This time of year is rife with holiday episodes, and for the most part, I think we TV audiences agree that we'd rather our favourite shows take an extra week off rather than produce what is often a badly-written show with too much room given to guest stars playing the parents of our lead characters (negative bonus points if one of them is Jane Kaczmarek, Elliott Gould or Candice Bergen).
But sketch comedy shows are the exception. Something about the holidays brings out the best -- and frequently the most acerbic -- in comedians, which is why I'm actually excited to watch the "This Hour Has 22 Minutes" holiday special (CBC on December 13 at 8PM). As cast member Mark Critch explains, "Christmas is about being together as a family even if the family hates each other. There's a slow build from forgetting to put out your sister's potato salad to your father yelling, 'I drink because I hate you!'"
While most shows need to be taken out back and mercifully shot after about five seasons, sketch comedy has a longer lifespan, and "22 Minutes" demonstrates this perfectly. Nearing 20 years old, the show is not only still funny, it's still controversial. Since joining the permanent cast in 2007, Geri Hall has twice been singled out for her attempts to get political interviews, and she was once even led away in handcuffs when she tried to get a word with PM Stephen Harper. (After the ordeal, the PM did agree to a sit-down with her and asked if she likes handcuffs. Can we get him to stick to guest appearances on "Murdoch Mysteries" from now on, please?) More recently, Mary Walsh tried to ambush Toronto Mayor Rob Ford in front of his house, in her trademark Marg Delahunty gear, and Ford called 911. However you feel about Ford, it's pretty amazing that Walsh's Delahunty character is still viable after all these years.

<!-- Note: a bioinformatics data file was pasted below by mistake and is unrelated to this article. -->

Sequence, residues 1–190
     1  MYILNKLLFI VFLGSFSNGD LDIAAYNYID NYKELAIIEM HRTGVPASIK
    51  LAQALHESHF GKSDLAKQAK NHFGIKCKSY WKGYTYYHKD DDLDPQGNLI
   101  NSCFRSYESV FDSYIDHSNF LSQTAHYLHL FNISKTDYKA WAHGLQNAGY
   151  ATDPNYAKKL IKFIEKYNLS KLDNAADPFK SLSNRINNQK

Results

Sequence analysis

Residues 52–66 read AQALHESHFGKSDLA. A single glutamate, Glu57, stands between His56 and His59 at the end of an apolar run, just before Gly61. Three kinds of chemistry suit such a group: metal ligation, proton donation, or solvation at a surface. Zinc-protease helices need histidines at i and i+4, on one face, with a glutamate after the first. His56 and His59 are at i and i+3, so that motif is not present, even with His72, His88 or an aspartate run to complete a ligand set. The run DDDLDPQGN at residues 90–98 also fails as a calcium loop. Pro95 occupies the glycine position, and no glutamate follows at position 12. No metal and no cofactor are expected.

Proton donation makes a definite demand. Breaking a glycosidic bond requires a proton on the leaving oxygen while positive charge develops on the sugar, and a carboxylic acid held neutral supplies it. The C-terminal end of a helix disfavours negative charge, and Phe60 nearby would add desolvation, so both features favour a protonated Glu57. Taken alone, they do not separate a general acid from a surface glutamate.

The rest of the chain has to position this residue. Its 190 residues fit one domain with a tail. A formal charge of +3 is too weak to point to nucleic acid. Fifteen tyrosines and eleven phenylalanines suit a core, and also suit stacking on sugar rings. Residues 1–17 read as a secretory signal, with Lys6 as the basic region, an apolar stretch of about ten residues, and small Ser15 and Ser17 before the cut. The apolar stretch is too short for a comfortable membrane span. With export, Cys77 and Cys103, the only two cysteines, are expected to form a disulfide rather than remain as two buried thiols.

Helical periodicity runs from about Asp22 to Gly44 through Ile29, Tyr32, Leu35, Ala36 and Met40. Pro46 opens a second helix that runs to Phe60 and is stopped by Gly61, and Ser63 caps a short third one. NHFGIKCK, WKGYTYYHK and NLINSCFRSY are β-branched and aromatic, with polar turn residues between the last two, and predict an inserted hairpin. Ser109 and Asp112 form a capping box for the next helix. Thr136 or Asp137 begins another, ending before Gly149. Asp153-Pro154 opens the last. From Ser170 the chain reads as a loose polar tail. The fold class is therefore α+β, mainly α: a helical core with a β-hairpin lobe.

I often think of "22 Minutes" as Canada's "Colbert Report," while Rick Mercer plays the gentler, more obviously sympathetic Jon Stewart. But Critch ties "22 Minutes" to an older brand. "It's a franchise that could last as long as the cast keeps changing; like "Saturday Night Live," there will always be times when people say the show is hot or 'it used to be funny.' It goes in cycles. But seriously in five years we're hoping to finally be given the 23rd minute," he jokes.
Critch and his castmates are definitely more than aware of the US competition. "I watch all of them -- especially Colbert. Colbert's current head writer was a writer on "22 Minutes" for years." (Dear Stephen, You're welcome. Love, Canada.)
When Ford was all worked up about being ambushed by Walsh, a Toronto Sun reporter went so far as to call the stunt part of a lefty conspiracy, concocted by those pinkos at CBC. Of course, you'll never get a comedian to be serious about politics, but Critch points out that sometimes, comedy skews left because some things just aren't funny. "You can kick up, but you can't kick down," he says. "A cartoon of a hobo kicking a man in a top hat in the ass is funny, a man in a top hat kicking a hobo is not funny; that -- and cancer."
So sorry guys. I know you were hopeful, but it looks like no cancer jokes in the holiday special.
The "22 Minutes" Holiday Special airs Tuesday December 13, 8PM ET/PT, CBC, and includes guest appearances by Gordon Pinsent, Kevin O'Leary, Jim Cuddy, Jian Ghomeshi, 'Survivorman' Lee Stroud, Great Big Sea, Finance Minister Jim Flaherty, Liberal Leader Bob Rae, former regular show cast member Greg Thomey and 'Republic of Doyle's Allan Hawco.